It wasn’t the longest in history (not, in fact, by almost an hour), and it wasn’t the most boring, despite some jokes that fell flat and some presenters who were. “The Oscars” (the new title for the annual Hollywood extravaganza that this year’s producers used to make the event sound less stodgy) was a little bit of everything, but, in the end, not enough of what it should be celebrating.
Seth MacFarlane was the new host, picked, allegedly, because he would appeal to the key TV demographic (the 18-49 year olds). He probably did succeed in appealing to half of that group: the male half. It was hard to see how he would have been all that appealing to the female viewers, his shtick bordering on the misogynistic right from the start with his not-all-that-funny “We Saw Your Boobs” musical number (complete with choral support from the Los Angeles Gay Men’s Choir).
MacFarlane is one talented guy; you have to give him that. He sings, he dances, he writes funny scripts for TV shows (and movies, if “Ted,” is indeed funny; we haven’t seen it, but the character’s attempt at humor when he presented an award was just crude), and is not bad at stand-up comedy, if insult jokes are your thing. But twenty minutes of him to start the show (including the running bit with William Shatner/Captain Kirk) was probably ten minutes more than the show needed to establish his bona fides.
But the show was again heavy on musical productions—with a stated theme of “Music in the Movies” how could it not be—and while some of the music was great, in the end it left the supposed star of the show—the movies and the people who make them—relegated to second fiddle status.
The Academy, for all its effort at trying to put on an appealing show, always seems to miss the point. People don’t watch this show for the big production numbers. They watch it to see the stars and because they love the movies. Thus, the formula should be to show the stars as much as possible and to show the movies they starred in as often as possible.
So, why not show heavy chunks of the nominated films (say three or four minutes of each), thereby building up interest in those the viewing audience hasn’t seen, and recalling the best memories for those who have seen them?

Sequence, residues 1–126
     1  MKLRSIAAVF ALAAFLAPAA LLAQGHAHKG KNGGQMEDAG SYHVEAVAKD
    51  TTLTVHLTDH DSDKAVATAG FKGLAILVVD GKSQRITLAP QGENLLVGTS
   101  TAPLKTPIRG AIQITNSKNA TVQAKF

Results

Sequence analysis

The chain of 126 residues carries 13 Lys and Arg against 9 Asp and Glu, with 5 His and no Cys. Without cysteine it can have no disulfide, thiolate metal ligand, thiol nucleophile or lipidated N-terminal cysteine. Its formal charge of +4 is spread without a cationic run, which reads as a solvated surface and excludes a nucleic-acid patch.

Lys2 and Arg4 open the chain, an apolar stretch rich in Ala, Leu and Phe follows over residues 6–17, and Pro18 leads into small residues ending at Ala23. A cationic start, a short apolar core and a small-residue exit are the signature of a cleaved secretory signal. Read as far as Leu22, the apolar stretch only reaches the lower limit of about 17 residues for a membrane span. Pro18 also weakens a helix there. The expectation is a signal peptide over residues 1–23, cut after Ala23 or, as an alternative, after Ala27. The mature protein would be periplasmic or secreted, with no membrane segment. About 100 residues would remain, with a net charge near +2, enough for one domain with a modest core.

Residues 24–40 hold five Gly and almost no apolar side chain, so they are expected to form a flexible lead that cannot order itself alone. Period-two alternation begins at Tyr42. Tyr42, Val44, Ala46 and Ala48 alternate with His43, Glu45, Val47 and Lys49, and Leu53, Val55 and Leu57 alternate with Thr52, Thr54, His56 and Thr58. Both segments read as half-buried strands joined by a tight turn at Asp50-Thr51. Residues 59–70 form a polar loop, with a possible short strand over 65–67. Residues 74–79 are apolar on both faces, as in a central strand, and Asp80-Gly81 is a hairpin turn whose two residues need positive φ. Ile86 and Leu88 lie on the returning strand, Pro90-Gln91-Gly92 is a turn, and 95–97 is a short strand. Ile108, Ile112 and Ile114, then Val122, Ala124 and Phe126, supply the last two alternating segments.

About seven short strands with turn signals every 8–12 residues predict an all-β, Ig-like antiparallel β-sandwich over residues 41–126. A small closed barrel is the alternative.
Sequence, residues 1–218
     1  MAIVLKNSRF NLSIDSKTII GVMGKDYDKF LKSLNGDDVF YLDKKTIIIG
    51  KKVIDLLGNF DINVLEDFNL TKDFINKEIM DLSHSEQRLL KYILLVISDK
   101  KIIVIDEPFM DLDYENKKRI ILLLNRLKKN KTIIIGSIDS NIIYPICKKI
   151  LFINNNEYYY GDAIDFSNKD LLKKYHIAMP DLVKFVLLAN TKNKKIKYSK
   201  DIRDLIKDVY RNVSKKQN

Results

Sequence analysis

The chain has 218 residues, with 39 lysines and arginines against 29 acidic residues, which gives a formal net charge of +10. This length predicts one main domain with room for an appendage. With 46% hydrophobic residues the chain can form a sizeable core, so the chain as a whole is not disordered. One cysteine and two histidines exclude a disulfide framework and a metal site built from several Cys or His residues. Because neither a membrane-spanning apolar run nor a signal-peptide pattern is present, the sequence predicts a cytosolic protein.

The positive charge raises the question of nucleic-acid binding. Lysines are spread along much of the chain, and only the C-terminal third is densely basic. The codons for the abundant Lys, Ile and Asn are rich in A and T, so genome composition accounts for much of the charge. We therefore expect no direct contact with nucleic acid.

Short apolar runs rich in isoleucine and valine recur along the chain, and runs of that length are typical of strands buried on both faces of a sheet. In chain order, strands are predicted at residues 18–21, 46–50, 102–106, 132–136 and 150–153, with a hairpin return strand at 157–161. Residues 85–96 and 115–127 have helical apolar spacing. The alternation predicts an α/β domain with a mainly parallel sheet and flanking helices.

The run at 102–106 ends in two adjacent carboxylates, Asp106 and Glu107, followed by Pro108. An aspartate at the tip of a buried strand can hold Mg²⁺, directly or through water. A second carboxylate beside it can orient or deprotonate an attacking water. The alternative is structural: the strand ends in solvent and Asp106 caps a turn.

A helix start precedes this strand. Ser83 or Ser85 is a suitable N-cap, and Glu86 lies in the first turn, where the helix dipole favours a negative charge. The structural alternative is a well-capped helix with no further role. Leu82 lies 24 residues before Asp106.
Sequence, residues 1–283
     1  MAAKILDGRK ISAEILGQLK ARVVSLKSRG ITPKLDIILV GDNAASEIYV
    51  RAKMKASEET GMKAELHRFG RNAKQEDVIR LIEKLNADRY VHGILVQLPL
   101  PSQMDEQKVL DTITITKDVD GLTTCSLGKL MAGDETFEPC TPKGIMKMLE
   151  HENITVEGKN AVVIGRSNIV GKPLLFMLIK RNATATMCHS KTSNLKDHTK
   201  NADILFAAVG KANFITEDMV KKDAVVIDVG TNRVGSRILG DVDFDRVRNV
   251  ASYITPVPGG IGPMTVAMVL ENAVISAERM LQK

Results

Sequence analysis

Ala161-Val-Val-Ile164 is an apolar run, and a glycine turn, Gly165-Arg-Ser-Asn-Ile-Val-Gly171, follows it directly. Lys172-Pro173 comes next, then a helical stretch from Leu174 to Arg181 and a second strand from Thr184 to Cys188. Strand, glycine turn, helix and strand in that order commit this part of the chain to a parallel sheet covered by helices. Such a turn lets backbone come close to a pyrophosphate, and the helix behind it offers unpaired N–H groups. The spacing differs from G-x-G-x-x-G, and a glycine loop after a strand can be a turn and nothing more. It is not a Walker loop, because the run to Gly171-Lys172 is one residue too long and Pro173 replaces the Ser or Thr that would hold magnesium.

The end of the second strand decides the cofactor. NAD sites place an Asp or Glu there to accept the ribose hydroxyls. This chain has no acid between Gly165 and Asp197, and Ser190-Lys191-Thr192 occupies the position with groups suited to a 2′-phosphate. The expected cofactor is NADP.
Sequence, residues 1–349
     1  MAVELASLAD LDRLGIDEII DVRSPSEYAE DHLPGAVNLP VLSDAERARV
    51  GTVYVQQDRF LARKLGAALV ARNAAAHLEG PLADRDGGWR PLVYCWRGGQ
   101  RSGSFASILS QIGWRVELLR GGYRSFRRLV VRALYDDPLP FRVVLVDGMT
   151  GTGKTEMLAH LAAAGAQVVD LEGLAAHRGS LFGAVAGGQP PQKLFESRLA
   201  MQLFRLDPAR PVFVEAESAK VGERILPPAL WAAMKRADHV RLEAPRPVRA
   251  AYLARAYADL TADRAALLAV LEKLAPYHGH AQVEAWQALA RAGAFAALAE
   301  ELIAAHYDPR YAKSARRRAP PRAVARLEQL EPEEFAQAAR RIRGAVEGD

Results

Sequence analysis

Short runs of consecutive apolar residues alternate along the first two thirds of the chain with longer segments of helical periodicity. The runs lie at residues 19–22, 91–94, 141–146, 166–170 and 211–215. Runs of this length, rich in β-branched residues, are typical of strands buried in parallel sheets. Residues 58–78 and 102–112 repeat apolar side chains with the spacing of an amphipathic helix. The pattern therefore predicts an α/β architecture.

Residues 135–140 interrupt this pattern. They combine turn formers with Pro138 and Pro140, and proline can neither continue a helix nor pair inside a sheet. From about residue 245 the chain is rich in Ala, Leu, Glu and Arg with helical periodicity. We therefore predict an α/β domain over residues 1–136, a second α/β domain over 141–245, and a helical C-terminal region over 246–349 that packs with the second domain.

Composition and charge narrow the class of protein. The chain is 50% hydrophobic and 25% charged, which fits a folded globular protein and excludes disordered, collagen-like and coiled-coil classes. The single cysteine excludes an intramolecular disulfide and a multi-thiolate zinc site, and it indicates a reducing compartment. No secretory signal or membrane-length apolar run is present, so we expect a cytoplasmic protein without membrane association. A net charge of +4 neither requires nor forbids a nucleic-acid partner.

Instead we again got little snippets (not even full scenes this time) of the nine films nominated for best picture and about three seconds of a scene for each of the major acting nominees. Hardly a way to “celebrate” the industry’s product, but the people in charge every year seem more anxious to act like the Tony Awards show than the Oscars.
That complaint aside, and we wish it were one the powers that be would pay attention to, the musical part of the show was good, even in some instances very good. In particular, we loved the full cast medley of “Les Miserables,” and appreciated the efforts of septuagenarians Shirley Bassey (now 76 years old and still impressive on the theme from “Goldfinger”) and Barbra Streisand (just turned 70 and still able to deliver Marvin Hamlisch’s “The Way We Were” just as he would have wanted).
Catherine Zeta-Jones (looking great and singing just fine, too) and Jennifer Hudson were certainly worthy of the standing O’s they got, but why did their numbers need to be included in this show?
And Adele may be a great singer/songwriter, but we could have done without her rendition of the “Skyfall” theme. Better to show some more of the movie, since they were supposedly doing a tribute to the 50 years of Bond films (another missed opportunity, with a hodge-podge of short clips without any sense of continuity or even identification of the movies).
Among the women’s gowns (always an interesting item for next-day water cooler discussions), Halle Berry’s dress was amazing, with Selma Hayek’s not far behind. That Jennifer Lawrence tripped over hers as she tried to climb the stairs to accept her best actress award (for “Silver Linings Playbook”) was hardly surprising. Why would a woman burden herself with such a mess?
Quentin Tarantino was appropriately iconoclastic in his undone tie as he accepted the best original screenplay award (for “Django Unchained”). And Ang Lee had the evening’s biggest gaffe when he awkwardly said, “I cannot waste this time talking about all of them” (referring to the actors in his film, “Life of Pi,” for which he won the best director award).
On a more positive note, the acceptance speeches of Anne Hathaway (for best supporting actress in “Les Miserables”), Daniel Day-Lewis (for best actor in “Lincoln”) and Ben Affleck (for best picture) were the standouts. And good for Michele Obama for doing her bit in announcing “Argo” as the best picture winner. (But what were the uniformed personnel behind her supposed to represent?)
The best line of the night might have been MacFarlane’s in “not” introducing Meryl Streep. “Our next presenter needs no introduction,” he said and then immediately walked off the stage. Unfortunately, it was one of only a few truly clever and funny lines on an evening that celebrated the winners but pretty much ignored the films they made.